With apologies to all you Kindle and Nook users out there: In our household, the iPad wins the prize for eDevice of 2010. It’s the first technological device that my son Charlie has been able to use entirely on his own. Apple has started to take some steps by spotlighting its disability offerings in the app store under ‘special education.’ But how can the company, and can we, make this great technology more accessible to more people?
The iPad: Magically Tailored To Autistic Kids’s Needs
Charlie is 13 1/2 and on the moderate to severe end of the autism spectrum. Just a generation ago, my son would have been institutionalized when he was younger. He’s benefited more than I can say from our society’s better understanding of autism and of how to teach a child with neurological challenges, and from—yes, I know it might sound like an exaggerated claim—a metal slab about 9 1/2″ long by 8″ wide, the iPad. The iPad’s touchscreen seems almost uniquely, magicly suited for Charlie’s motor and processing abilities. He’s kept himself quite busy and amused this winter break listening to music and videos and looking through his photos.
My Initial Resistance to the iPad
Back in November, I wrote about the iPad as revolutionary and maybe even magical for kids with disabilities. Like many parents of kids with disabilities, we’ve tried a lot of therapies, treatments, and equipment for Charlie over the years. So when the iPad was introduced last January to immediate acclaim (and criticism about its regrettable iName), I got into my cynical ‘look, we’ve tried the iPod, iPodTouch, a touch screen, Handwriting Without Tears, sign language, the special diet, supplements, blah blah blah’ mode. We’d sighed over enough broken techno-devices (and fished a few out of some water-containing household appliances). No, I said, not another one!
Then my friend Shannon started blogging about how her son Leo, who’s a bit younger than Charlie, was benefiting from his iPad. And my parents and aunts read an SF Weekly article featuring Leo. And a check came in the mail, I hied me to the Apple store, and, well, I really had to bite my tongue.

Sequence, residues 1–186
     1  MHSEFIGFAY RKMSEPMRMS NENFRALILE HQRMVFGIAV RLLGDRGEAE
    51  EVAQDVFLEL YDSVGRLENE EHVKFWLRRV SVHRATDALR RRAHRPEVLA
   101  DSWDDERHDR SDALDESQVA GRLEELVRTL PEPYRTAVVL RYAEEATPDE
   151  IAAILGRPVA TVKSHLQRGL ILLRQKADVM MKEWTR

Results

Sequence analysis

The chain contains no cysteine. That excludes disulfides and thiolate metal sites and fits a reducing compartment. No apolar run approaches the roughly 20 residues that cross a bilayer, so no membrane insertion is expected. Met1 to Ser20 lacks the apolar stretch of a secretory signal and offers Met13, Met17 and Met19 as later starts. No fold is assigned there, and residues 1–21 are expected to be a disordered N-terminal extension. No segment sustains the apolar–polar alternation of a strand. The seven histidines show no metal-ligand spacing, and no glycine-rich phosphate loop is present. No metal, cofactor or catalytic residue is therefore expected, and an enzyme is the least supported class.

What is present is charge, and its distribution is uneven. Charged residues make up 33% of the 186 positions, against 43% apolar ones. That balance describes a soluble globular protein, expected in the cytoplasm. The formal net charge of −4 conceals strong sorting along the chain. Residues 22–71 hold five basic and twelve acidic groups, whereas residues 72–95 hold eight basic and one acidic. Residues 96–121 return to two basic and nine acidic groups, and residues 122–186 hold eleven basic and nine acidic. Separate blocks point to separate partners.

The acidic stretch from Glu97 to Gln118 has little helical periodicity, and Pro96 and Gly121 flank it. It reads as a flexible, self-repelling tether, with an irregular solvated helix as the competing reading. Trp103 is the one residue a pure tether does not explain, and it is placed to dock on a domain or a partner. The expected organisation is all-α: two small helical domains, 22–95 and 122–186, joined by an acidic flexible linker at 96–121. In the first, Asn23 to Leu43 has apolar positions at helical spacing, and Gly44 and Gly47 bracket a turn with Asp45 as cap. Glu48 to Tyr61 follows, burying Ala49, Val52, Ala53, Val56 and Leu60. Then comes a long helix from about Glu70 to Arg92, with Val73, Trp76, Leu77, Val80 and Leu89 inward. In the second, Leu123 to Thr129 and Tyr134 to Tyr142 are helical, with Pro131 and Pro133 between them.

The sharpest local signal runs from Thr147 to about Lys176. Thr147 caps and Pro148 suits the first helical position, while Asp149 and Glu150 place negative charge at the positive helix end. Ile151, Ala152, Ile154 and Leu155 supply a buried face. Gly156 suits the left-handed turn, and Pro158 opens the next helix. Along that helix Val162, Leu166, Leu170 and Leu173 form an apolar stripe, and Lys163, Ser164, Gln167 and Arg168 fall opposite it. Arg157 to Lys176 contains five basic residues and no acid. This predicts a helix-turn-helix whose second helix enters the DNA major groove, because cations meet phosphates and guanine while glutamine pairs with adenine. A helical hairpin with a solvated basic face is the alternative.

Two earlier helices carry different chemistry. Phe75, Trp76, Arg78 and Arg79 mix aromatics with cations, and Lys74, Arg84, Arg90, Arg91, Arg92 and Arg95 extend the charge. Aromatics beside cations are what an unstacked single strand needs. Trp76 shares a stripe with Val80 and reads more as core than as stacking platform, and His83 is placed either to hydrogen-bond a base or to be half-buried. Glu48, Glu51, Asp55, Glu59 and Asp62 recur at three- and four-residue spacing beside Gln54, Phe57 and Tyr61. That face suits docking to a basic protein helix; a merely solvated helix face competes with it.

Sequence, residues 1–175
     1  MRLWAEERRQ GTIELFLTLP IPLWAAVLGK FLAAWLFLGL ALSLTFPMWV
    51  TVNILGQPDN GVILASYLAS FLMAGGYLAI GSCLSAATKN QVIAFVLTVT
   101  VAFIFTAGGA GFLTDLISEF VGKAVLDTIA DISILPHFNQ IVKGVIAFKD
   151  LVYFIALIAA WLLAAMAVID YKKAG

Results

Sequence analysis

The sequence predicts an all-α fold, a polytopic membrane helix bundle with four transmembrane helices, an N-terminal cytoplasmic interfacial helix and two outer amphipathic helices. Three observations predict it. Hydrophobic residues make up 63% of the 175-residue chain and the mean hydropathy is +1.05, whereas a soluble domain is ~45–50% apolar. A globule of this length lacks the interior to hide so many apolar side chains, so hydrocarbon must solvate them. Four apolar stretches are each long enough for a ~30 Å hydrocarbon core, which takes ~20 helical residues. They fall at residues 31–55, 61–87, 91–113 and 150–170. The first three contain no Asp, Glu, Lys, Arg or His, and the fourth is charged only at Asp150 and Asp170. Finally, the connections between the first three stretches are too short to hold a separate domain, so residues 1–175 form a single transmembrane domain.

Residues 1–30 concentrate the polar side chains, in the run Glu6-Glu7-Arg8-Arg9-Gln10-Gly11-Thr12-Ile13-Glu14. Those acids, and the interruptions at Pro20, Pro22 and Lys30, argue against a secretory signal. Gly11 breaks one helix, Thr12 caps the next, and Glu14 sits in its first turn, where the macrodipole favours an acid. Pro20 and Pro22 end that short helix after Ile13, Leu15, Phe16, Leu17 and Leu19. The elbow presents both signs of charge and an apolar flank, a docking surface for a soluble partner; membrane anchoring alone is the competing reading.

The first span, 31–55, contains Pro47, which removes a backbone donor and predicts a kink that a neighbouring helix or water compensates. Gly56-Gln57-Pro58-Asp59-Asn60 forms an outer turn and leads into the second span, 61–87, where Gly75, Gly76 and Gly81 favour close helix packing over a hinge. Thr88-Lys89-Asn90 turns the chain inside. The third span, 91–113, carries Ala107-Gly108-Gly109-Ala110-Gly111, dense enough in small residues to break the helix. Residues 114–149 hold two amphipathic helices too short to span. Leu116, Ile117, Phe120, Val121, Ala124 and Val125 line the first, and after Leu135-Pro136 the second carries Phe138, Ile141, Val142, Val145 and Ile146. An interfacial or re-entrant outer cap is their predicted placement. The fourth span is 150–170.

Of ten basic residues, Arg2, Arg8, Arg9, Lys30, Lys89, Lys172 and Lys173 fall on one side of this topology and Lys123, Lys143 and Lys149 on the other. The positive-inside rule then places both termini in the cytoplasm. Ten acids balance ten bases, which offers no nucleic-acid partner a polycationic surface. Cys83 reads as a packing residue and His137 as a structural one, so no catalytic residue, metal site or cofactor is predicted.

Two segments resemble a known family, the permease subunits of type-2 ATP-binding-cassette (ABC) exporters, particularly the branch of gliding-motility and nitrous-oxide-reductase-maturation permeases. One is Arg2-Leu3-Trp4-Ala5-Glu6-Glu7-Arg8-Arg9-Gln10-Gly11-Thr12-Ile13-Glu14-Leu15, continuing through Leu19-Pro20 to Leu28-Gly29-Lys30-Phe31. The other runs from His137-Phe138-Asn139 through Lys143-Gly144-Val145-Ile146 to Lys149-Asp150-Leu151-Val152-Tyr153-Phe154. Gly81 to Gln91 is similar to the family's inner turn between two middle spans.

Charlie, who had seemed to be in the distinct minority of autistic kids who don’t like to use the computer, loves his iPad.
New York Times: A ‘Therapeutic Marvel for Disabled People’
On his own, Charlie has figured out how to use some of the apps before calling me for ‘help, help.’ While a great athlete who can ride a bike for some 20 miles in any weather, he has difficulties with fine motor movements and with his visual processing, so manipulating a computer mouse has always been a challenge. He most prefers to listen to music and watch videos on his iPad, but we also use the device for visual schedules and the all-important concept of waiting, thanks to a Giant Timer. And the iPad has become a compact repository of the photos he loves, of my parents, of toys he no longer has, of things and places and activities he likes. (I write about Charlie and his iPad from time to time on my blog We Go With Him.)
A November New York Times article described the iPad as a ‘therapeutic marvel for disabled people.’ Similar praises have been sung by parents of kids with disabilities, autistic adults, and therapists and teachers. Disability Scoop noted that, thanks to devices like the iPad, ‘assistive technology has gone mainstream.’
Calling on Steve Jobs
Lest this post become a lovefest for the iPad and the Apple, I would like to say that, great as the iPad has been, I can’t say that Apple’s response regarding this has been notable. Apple could really make a difference in the world, perhaps by subsidizing iPads for families and individuals who cannot afford them. The HollyRod Foundation stepped in this holiday season with a campaign to give iPads to children on the autism spectrum. And some of my friends pooled their $$$ and purchased an iPad for a family with a child with multiple disabilities.
Yes, yes, I know Apple is a business and has to make a profit. But having the chance to open possibilities for kids with disabilities—kids like my son, who is minimally verbal, doesn’t seem able to read, and has a history of really tough behavior problems—is something that should be seized on.
Steve Jobs, we love the iPad. But now that your company has created this magical device, how about making some real magic and giving even more kids with disabilities the chance to use one, to learn and to communicate?
Photo by the author; the photo displays a segment of a visual schedule (entitled 'Two More Days Till School Starts') made using the First-Then Visual Schedule app.
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